Wondrous Words Wednesday: Audrey Niffenegger

I am sorry I missed the Wednesday post for a few weeks, I was travelling. This week’s words all come from Her Fearful Symmetry by Audrey Niffenegger (See this week round-up at BermudaOnion’s blog!)


They would naturally come to him with their little dilemmas and queries; avuncular, he would advise them and aid them in their London initiation.

Avuncular: adj. like an uncle in being kind and friendly towards a younger or less experienced person.

This word’s etymology resonated with me, but I couldn’t place it.


His skin was pallorous from being too long in the hospital.

Pallorous: adj. derivative from “pallor”
Pallor: n. an unhealthy pale appearance.

I could understand this from the context, but apparently the adjective is not registered (yet?) on any of the dictionaries I checked.


… the way her ribs thrust out over her belly in the last months of her illness, the scars from the port and the surgery.

Port: n. a small medical appliance that is installed beneath the skin. A catheter connects the port to a vein. Under the skin, the port has a septum through which drugs can be injected and blood samples can be drawn many times, usually with less discomfort for the patient than a more typical “needle stick”.
*Definition from Wikipedia

I still cannot figure it, probably because I haven’t ever seen one (luckily!)


Their eyes were large, grey and so wide-set that they appeared almost wall-eyed.

Wall-eyed: adj. derivative from “wall eye”.
Wall eye: n. an eye squinting outwards.

I must admit I had not idea of this one, not even from the context!


Eventually, he heard the twins galumphing down the stairs.

Galumph: v. move in a clumsy, ponderous, or noisy manner.

Another one that was rather clear from context.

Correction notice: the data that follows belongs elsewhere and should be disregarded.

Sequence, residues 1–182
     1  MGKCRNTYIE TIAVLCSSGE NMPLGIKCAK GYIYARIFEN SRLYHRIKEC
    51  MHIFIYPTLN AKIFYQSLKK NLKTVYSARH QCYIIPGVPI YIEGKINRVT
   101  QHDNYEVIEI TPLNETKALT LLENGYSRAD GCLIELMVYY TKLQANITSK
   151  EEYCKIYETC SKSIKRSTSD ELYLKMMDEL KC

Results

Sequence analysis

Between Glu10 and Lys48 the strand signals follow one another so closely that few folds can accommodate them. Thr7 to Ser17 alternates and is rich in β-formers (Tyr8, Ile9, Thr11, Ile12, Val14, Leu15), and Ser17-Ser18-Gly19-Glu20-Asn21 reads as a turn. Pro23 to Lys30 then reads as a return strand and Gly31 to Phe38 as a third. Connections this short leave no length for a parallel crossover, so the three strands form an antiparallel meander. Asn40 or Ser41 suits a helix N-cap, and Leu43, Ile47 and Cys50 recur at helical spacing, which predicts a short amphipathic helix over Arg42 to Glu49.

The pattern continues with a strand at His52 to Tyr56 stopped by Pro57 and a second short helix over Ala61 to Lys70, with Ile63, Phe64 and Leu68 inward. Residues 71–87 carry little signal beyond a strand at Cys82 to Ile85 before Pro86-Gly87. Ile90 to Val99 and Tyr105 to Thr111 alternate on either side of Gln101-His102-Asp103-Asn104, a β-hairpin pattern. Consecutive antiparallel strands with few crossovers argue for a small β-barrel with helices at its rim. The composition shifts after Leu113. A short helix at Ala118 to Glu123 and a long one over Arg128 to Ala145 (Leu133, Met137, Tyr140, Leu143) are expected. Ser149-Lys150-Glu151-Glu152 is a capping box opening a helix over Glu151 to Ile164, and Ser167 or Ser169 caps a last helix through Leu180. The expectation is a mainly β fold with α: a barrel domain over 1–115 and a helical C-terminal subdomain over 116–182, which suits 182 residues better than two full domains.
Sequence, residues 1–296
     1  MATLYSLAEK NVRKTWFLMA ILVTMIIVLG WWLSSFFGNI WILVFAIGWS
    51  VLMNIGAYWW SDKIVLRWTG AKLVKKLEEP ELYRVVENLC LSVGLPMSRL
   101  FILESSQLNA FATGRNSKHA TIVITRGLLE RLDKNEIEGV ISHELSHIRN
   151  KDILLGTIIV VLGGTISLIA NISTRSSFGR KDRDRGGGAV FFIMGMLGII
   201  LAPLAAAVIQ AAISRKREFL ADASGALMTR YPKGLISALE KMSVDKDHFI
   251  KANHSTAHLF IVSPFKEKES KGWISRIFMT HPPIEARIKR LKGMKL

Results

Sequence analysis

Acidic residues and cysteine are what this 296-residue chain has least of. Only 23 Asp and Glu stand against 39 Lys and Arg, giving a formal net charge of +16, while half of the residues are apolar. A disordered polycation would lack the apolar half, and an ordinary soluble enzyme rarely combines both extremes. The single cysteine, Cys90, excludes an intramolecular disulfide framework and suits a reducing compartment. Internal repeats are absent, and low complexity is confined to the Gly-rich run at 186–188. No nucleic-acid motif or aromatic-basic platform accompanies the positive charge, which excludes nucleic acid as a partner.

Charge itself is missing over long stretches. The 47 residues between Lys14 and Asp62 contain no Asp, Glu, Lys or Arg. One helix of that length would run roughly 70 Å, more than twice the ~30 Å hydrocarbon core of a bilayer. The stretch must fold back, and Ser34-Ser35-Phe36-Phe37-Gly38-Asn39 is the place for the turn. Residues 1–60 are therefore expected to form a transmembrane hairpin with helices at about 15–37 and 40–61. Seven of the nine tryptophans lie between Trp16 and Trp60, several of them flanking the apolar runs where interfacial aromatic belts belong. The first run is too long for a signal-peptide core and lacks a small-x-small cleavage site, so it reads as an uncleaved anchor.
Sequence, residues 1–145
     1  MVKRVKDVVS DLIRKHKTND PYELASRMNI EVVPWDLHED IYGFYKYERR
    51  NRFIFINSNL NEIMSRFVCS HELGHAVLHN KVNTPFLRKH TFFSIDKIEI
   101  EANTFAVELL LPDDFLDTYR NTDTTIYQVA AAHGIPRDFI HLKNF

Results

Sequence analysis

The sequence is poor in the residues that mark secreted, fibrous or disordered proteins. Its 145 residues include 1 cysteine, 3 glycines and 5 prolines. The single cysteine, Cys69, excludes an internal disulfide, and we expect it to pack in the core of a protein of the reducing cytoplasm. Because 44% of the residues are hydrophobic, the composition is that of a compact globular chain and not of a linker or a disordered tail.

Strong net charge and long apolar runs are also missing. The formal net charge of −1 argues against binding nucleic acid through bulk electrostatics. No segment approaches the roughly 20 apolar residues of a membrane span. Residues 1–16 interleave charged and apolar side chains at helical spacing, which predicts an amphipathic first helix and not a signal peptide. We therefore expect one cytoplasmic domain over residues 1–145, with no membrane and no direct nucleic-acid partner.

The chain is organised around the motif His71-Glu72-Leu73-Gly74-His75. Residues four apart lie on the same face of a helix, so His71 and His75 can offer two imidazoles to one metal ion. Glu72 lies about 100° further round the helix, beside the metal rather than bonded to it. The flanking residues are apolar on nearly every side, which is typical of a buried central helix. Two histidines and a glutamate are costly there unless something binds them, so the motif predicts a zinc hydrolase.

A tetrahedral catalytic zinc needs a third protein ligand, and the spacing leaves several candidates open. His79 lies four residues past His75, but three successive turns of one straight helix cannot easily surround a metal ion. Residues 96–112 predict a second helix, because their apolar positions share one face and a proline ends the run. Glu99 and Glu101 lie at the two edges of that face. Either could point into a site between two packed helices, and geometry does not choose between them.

He hung back, keeping his eye on them and feeling pervy and gormless, not to mention highly noticeable.

Gormless: adj. Brit. informal lacking sense or initiative.

I remember reading this word in a WWW post on the day after seeing it in the book! Go figure! But I thought I would put it in my post nonetheless!


I need a disguise. Maybe a beard. Or a hazmat suit.

Hazmat suit: n. a garment worn as protection from hazardous materials or substances.
*Definition from Wikipedia

No idea about this one, and it gives a completely new sense to the whole scene 🙂


You’re just bloviating. Get on with it.

Bloviate: v. US talk at length, especially in an inflated or empty way.

Another one clear from context, but with an interesting etymology (from: to blow).


The room was half-timbered and half-unfinished, as though the carpenters’ elevenses had lasted several decades.

Elevenses: n. pl. Brit. informal a break for light refreshments taken at about eleven o’clock in the morning.

Now I get it! Interesting word.


(All definitions are taken from the Concise Oxford English Dictionary © 2008 via WordReference.com unless otherwise stated.)


8 comments on “Wondrous Words Wednesday: Audrey Niffenegger

  1. It looks as though Her Fearful Symmetry led you on quite the word-search. I like elevenses. I’ve seen it before but never knew what it meant. I guess that’s similar to what some in the US call a nooner.

  2. @ Margot: it did, yes, and I’m always happy when I get to read an interesting book and at the same time one full of “wondrous” words. (BTW, I just checked “nooner”. The origin must be the same. Interesting!)

    @ Mary Ann: thank you for passing by.

    @ Bev: the book is very British in setting, but I didn’t realise it was so British in language too, until I started checking the dictionary.

  3. @ Lemon: that’s why I was confused, too.

    @ Julie: I’m not sure I agree, or we would end up using less and less words. Even when two words have exactly the same meaning, one more word means a richer language.

    @ BermudaOnion: thanks.

Ditelo con parole vostre/Let your words be heard

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